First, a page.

Random Acts of Kindness

Living through the past decade and looking at the world today, it’s difficult to have a positive worldview sometimes.  9/11, a slew of catastrophic natural disasters, numerous wars, doomsday hysteria, the recession…  In times like these, it’s harder to believe that the world, and the people in it, are basically good.  In the end, it is and they are. But, times are tough and we should support one another.  We should re-think our interactions with others. 

We can’t count on others to do this, to make the world a better place.  We have to do it ourselves.   

I ask you, if you’re so inclined, to post your random act of kindness stories below: those you’ve done, those you’ve seen, and those you’ve benefited from.

Random acts of kindness are a great place to start to help make the world a better place and increase connections between people in our communities.  This website is awesome  is you’re into it and looking for ideas: http://www.lifehack.org/articles/lifestyle/29-ways-to-carry-out-random-acts-of-kindness-every-day.html

It is said that a woman named Anne Herbert invented the phrase “random act of kindness” in 1982.  She wrote on a placemat in Sausalito, “Practice random acts of kindness and senseless acts of beauty.”  Acting kind randomly is a senseless act of beauty, and we should never underestimate the power of a single act of kindness.

I’ll never forget when I went surfing at Pipes and a stranger lent me his surfboard.  Standing on the beach getting reading to go out, I mentioned to the man next to me (mid 40’s) that I liked his board.  Without pause, he asked me if I would like to try it out.  I rode the board for a half hour, he gave me the dimensions, and gave me the number of the guy at Surfrider to get in contact with to get my own.  His kindness moved me in a profound way and we became friends.

These acts of kindness are small, on-the-fly decisions you make to help someone else at the expense of yourself: buying a lottery ticket for a stranger; putting coins in someone else’s parking meter; baking brownies for your neighbor; giving a compliment.  Beyond making that person’s day or helping someone else, kindness is contagious, and that person is likely to pay it forward.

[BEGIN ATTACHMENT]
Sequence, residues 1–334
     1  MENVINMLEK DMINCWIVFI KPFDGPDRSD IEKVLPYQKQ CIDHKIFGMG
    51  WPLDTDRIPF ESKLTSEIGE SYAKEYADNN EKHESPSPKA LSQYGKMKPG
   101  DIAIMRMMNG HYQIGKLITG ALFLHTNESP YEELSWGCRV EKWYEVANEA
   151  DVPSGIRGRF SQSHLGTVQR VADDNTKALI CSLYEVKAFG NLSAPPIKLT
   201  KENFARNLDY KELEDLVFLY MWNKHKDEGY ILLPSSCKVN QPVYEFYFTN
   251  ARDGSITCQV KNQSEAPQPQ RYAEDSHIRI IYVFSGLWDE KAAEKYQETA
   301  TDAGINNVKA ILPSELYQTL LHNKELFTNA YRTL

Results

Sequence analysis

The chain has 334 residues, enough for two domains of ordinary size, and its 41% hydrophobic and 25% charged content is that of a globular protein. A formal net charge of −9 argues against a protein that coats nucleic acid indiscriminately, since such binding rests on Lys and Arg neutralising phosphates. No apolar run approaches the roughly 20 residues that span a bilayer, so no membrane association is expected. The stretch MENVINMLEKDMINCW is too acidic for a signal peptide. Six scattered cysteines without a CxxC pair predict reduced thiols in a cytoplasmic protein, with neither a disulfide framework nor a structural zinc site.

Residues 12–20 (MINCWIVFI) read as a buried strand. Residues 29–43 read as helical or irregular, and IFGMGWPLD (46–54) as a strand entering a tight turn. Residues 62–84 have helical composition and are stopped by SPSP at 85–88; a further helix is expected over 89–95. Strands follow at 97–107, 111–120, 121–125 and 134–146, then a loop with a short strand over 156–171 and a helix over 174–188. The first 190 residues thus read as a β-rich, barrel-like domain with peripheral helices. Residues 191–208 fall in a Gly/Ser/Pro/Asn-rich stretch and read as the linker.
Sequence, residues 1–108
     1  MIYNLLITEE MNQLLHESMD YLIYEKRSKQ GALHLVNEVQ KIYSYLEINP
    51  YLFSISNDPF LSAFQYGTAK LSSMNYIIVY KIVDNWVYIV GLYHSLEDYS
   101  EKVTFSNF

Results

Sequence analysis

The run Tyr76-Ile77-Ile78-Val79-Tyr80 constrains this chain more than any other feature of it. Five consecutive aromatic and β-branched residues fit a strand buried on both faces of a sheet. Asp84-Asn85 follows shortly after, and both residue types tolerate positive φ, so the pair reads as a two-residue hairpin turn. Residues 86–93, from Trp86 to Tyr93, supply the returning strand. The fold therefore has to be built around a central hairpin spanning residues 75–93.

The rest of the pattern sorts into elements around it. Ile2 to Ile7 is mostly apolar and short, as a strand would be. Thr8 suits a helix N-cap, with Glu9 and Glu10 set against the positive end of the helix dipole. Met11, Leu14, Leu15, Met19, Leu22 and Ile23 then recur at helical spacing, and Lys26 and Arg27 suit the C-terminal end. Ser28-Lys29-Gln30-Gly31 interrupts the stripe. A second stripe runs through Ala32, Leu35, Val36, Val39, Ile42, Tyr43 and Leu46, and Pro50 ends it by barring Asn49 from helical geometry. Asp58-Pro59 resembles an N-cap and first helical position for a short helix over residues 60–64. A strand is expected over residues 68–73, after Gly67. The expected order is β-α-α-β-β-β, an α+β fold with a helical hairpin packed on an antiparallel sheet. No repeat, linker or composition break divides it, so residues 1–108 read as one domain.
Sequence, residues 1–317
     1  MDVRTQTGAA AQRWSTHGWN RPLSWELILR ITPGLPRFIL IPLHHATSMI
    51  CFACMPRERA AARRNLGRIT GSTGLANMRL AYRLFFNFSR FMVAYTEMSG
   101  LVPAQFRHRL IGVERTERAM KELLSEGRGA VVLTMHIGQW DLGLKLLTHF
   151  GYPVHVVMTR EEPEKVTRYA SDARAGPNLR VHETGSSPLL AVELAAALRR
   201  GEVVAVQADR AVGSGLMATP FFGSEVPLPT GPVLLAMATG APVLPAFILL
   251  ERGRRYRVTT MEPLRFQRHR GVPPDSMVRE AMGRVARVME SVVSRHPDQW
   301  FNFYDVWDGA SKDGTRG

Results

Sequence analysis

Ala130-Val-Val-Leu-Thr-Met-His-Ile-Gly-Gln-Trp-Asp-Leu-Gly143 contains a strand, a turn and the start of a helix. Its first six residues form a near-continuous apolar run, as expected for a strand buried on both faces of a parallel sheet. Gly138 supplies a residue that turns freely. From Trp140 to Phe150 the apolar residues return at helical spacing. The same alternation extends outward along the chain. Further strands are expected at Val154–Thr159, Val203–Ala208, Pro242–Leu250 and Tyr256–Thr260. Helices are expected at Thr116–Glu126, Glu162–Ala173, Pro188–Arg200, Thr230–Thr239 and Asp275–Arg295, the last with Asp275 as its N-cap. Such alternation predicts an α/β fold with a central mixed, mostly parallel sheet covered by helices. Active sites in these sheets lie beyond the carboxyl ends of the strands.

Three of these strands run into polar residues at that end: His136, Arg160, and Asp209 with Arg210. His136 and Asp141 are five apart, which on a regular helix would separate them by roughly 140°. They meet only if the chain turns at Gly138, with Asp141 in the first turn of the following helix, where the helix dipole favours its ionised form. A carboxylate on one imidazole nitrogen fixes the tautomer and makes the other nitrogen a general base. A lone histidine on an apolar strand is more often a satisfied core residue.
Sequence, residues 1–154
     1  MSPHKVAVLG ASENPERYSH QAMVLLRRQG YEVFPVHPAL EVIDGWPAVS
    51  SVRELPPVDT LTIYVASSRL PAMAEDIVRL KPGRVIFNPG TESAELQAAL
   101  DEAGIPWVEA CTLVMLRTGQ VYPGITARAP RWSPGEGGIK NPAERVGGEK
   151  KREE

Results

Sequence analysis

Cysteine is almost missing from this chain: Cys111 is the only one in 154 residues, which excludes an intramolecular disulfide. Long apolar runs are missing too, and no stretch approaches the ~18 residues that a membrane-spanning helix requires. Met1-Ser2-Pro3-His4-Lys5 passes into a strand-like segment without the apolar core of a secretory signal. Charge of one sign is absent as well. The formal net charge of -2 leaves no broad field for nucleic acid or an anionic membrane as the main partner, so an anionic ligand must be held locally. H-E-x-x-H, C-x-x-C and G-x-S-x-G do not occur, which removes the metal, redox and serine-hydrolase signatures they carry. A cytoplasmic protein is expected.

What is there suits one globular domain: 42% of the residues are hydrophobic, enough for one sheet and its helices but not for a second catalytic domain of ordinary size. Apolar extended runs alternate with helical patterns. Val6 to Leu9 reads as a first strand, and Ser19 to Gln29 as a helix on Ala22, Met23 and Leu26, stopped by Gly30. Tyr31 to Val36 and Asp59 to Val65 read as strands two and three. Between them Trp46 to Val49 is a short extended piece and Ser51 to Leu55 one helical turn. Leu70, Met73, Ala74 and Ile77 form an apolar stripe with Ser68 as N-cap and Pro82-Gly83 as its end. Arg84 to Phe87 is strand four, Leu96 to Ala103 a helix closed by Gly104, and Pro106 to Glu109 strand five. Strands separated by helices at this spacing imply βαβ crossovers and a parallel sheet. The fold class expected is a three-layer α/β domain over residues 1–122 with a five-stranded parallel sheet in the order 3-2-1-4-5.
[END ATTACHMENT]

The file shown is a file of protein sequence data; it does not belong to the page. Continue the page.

I went to around thirty locations last week (namely Starbucks and libraries) and put up fliers asking people to do random acts of kindness for a week and then write about it.

I did some.  I bought flowers for my Mom (pictured) and did other RAKs most days.  I feel like a bit of a jerk talking about what I did, so I won’t, but I’ll just say, buying coffee for a stranger was a fun and easy one.

Happy almost Thanksgiving, everyone!

 

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5 thoughts on “Random Acts of Kindness

  1. Normally, I don’t tell people about doing stuff like this because then it takes away some of the magic for me or makes me feel like I’m looking for a pat on the back, which is not the point obviously. But, since you asked, I’ll share:
    Random acts I’ve done:
    Babysat for friends and friends of friends for free so they could have a date night.
    Bought strangers groceries.
    Helped send a stranger to cheerleading camp and another on her school trip to DC.
    Give whatever is in my pocket to those kids trying to sell cheap candies and nicnacks to earn a scholarship.
    Made a scrapbook for a friend to help her organize many years of memories
    Paid for someone to go to therapy who otherwise couldn’t afford it

    What people have done for me:
    85% of our treatment for infertility was paid by friends who donated anonymously to a bank account set up in our name by another friend. It would have taken us another 3-4 years to save that kind of money.
    Someone paid for me to go on a retreat/conference years ago when I was dirt poor and couldn’t afford to go.
    A friend comes over every Tuesday and watches my girls for me so I can get errands done. She never asks for anything in return and often stays to keep me company when she has plenty of other things to do. (Having triplets is VERY isolating)

    I am sure there are more but I have 2 hungry kids I have to go feed.
    Good post Nat. 🙂

  2. I love to bake, but living in a house full of girls, no one ever wants sugary treats around. So, after I’m done baking I pass them out to homeless men and women that I meet around La Jolla!

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